Jeff Masters Weather Blog

Most bleak federal report yet on high-tide/sunny-day tide floods » Yale Climate Connections

The federal government’s eighth State of High Tide Flooding report is its starkest assessment yet detailing the upward trends of rising seas spilling into coastal cities. 

Scientists at NOAA’s National Ocean Service – the agency’s water counterpart to the National Weather Service – earlier this month reported threefold and fivefold increases since 2000 in sunny-day, high-tide flooding for the southeastern U.S. and western Gulf Coast, respectively. Despite an ongoing La Niña in the eastern Pacific, which can temporarily dampen sea levels along the U.S. coast, the frequency of relentless saltwater flooding – unrelated to extreme weather – has continued to accelerate across the U.S. in 2022.

The report underscores an alarming growth of chronic sunny-day floods at nearly 100 tidal locations monitored by NOAA along the U.S. coastline, taxing the ability of modern infrastructure to adapt by gradualism to contain increasingly disruptive and destructive high tides. The latest outlook predicts sunny-day flooding – occurring now about once every other month at any given spot, averaged nationwide – to become as commonplace as every other day by the end of traditional 30-year mortgages originating today.

Sea-level rise driven by warming climate

Several factors affect differences in local sea-level rise, including sinking land and a slowing of the Gulf Stream current along the eastern seaboard, especially along the southern extension of the Gulf Stream known as the Florida Current.

But even in places like South Florida, prone to both subsidence and fluctuations in the nearby Florida Current, government scientists estimate the vast majority – roughly 8 cm of the 11 cm rise over the past 20 years – are driven by warmer oceans and melting land ice from global climate change. The octopus in the parking garage may be the modern-day canary in the coal mine for rising seas, with marine life swept in with advancing tides and bubbling up through porous bedrock beneath.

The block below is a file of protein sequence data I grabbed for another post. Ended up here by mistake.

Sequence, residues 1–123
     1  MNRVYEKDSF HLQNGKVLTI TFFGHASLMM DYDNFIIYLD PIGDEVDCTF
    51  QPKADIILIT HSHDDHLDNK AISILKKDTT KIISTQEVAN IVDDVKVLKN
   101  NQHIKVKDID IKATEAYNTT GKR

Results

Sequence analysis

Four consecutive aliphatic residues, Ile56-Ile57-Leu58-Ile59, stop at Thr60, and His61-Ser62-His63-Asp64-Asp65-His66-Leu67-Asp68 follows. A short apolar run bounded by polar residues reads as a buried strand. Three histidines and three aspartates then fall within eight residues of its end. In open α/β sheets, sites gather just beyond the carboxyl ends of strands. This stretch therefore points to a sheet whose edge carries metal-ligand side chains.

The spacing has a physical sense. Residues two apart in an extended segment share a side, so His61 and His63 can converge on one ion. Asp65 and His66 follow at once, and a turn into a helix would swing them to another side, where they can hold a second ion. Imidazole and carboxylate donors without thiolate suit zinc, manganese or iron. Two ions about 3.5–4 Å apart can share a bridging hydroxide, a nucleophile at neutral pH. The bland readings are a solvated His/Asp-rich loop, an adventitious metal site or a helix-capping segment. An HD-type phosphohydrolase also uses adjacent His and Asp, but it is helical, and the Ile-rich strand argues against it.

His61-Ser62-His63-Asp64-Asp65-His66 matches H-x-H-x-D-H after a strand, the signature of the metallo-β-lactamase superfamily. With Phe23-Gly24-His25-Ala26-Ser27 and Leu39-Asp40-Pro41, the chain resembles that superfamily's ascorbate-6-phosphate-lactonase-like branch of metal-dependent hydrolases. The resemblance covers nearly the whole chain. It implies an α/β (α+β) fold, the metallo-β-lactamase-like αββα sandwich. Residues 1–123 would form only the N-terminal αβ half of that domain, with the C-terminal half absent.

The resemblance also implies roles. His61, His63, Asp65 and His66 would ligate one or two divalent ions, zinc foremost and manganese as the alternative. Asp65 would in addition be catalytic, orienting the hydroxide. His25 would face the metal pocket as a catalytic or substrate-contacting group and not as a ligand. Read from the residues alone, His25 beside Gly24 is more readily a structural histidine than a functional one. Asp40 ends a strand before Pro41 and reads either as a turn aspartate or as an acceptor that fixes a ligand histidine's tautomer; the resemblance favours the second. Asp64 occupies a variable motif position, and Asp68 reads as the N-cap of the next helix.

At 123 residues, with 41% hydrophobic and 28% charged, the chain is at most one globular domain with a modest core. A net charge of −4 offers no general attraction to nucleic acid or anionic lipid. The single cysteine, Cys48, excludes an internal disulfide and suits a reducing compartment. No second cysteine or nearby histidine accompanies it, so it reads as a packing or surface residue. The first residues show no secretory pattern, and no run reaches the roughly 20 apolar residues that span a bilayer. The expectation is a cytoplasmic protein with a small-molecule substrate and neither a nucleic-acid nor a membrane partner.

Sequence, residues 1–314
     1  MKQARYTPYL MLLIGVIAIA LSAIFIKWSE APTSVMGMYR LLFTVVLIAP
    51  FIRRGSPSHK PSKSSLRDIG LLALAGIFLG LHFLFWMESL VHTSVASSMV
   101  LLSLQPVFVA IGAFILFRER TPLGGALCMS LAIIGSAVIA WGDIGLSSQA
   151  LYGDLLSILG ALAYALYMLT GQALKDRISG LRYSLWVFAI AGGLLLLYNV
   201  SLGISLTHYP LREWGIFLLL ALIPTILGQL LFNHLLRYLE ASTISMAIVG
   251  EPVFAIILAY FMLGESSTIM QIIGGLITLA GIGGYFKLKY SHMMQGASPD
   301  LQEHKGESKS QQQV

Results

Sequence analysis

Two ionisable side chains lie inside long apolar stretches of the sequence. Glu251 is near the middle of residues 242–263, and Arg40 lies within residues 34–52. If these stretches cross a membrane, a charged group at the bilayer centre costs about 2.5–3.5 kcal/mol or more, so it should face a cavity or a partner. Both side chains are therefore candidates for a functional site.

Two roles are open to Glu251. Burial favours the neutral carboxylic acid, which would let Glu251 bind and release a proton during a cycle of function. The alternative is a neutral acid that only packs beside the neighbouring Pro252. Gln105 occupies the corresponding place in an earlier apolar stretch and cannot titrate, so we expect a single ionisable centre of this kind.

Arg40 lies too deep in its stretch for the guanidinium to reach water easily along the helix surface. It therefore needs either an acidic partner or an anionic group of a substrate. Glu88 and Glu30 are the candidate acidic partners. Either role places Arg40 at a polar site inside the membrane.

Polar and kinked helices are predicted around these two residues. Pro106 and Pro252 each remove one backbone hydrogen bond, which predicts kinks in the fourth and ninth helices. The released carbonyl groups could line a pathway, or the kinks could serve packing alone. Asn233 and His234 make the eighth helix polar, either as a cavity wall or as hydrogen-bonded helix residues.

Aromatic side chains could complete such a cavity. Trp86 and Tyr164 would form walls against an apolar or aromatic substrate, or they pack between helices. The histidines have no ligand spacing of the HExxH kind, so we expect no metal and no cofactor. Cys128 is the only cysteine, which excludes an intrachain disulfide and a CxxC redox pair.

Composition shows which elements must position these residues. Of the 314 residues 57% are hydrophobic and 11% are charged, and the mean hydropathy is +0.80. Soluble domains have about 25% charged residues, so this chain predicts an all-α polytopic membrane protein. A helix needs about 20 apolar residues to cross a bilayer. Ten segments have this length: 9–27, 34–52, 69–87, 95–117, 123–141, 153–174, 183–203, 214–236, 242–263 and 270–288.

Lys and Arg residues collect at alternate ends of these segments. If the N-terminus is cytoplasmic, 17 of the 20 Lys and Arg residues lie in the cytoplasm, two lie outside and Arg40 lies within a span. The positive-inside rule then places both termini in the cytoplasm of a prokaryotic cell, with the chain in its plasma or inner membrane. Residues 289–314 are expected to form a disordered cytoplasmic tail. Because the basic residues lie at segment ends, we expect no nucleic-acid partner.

The latest report complements a sweeping NOAA Task Force report released last February updating sea-level projections for the U.S. coastline from climate change scenarios outlined in the Intergovernmental Panel on Climate Change (IPCC) Sixth Assessment Report released last summer. These new updates, the first since 2017, increase scientific confidence into the next century of deleterious consequences to U.S. coastal communities and ecosystems unless comprehensive mitigation measures are taken.

Rising seas and coastal populations … and future storm surges

The U.S. population seeking a permanent place along the coasts is booming. Nearly 40 % of the nation’s 330-plus million live in a coastal shoreline county on land comprising less than 10% of the total U.S. land area, excluding Alaska. In many hurricane- and storm surge-prone areas along the gently sloping Gulf Coast, population and attendant wealth have skyrocketed. In Collier County on Florida’s southwest coast, home to Naples and one of the country’s most prosperous communities, population has soared by nearly 1000% over the past 50 years. An estimated 40% of Florida’s population is at risk of storm surge flooding, with the highest concentration of per capita losses from storm surge along Florida’s southwestern shoreline.